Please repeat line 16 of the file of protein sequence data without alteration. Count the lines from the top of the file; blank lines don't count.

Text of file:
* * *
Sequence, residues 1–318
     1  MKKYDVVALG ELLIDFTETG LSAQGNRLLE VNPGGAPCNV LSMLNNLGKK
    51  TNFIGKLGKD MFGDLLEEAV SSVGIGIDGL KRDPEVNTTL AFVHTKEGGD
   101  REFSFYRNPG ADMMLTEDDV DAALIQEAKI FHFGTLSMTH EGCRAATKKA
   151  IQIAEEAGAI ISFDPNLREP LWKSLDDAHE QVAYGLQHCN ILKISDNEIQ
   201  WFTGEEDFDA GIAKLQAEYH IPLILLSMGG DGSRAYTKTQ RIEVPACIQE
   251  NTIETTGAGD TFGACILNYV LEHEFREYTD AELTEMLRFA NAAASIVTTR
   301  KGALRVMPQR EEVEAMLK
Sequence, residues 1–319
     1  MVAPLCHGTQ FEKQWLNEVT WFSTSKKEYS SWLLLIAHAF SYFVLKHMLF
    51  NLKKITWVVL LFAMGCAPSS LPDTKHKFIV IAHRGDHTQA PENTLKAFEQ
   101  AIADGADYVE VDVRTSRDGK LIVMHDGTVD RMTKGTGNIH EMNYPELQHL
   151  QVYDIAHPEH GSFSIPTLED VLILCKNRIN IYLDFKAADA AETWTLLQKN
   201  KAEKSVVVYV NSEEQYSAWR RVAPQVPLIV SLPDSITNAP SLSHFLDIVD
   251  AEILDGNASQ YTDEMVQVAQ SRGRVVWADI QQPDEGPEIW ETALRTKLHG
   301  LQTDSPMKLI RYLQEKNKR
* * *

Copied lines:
   301  LQTDSPMKLI RYLQEKNKR